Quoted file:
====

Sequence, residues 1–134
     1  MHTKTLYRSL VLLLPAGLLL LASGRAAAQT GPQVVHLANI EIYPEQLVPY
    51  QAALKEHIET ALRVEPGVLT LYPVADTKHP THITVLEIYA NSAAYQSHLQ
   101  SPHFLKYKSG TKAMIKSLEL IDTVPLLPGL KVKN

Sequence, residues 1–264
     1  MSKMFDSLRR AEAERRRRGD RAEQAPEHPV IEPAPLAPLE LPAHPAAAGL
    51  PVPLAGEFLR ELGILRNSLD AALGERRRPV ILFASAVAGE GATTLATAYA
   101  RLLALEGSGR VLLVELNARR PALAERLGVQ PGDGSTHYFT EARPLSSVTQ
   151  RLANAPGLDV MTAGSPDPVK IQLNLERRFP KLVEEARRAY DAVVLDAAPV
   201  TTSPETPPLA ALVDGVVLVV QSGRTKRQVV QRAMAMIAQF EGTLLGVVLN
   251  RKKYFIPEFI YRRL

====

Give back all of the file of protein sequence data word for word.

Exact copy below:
Sequence, residues 1–134
     1  MHTKTLYRSL VLLLPAGLLL LASGRAAAQT GPQVVHLANI EIYPEQLVPY
    51  QAALKEHIET ALRVEPGVLT LYPVADTKHP THITVLEIYA NSAAYQSHLQ
   101  SPHFLKYKSG TKAMIKSLEL IDTVPLLPGL KVKN

Sequence, residues 1–264
     1  MSKMFDSLRR AEAERRRRGD RAEQAPEHPV IEPAPLAPLE LPAHPAAAGL
    51  PVPLAGEFLR ELGILRNSLD AALGERRRPV ILFASAVAGE GATTLATAYA
   101  RLLALEGSGR VLLVELNARR PALAERLGVQ PGDGSTHYFT EARPLSSVTQ
   151  RLANAPGLDV MTAGSPDPVK IQLNLERRFP KLVEEARRAY DAVVLDAAPV
   201  TTSPETPPLA ALVDGVVLVV QSGRTKRQVV QRAMAMIAQF EGTLLGVVLN
   251  RKKYFIPEFI YRRL